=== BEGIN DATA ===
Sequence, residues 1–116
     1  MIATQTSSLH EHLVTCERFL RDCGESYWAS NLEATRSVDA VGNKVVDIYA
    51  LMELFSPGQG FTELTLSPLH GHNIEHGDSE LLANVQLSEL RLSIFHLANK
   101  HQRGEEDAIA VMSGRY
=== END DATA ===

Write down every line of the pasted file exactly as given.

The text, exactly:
Sequence, residues 1–116
     1  MIATQTSSLH EHLVTCERFL RDCGESYWAS NLEATRSVDA VGNKVVDIYA
    51  LMELFSPGQG FTELTLSPLH GHNIEHGDSE LLANVQLSEL RLSIFHLANK
   101  HQRGEEDAIA VMSGRY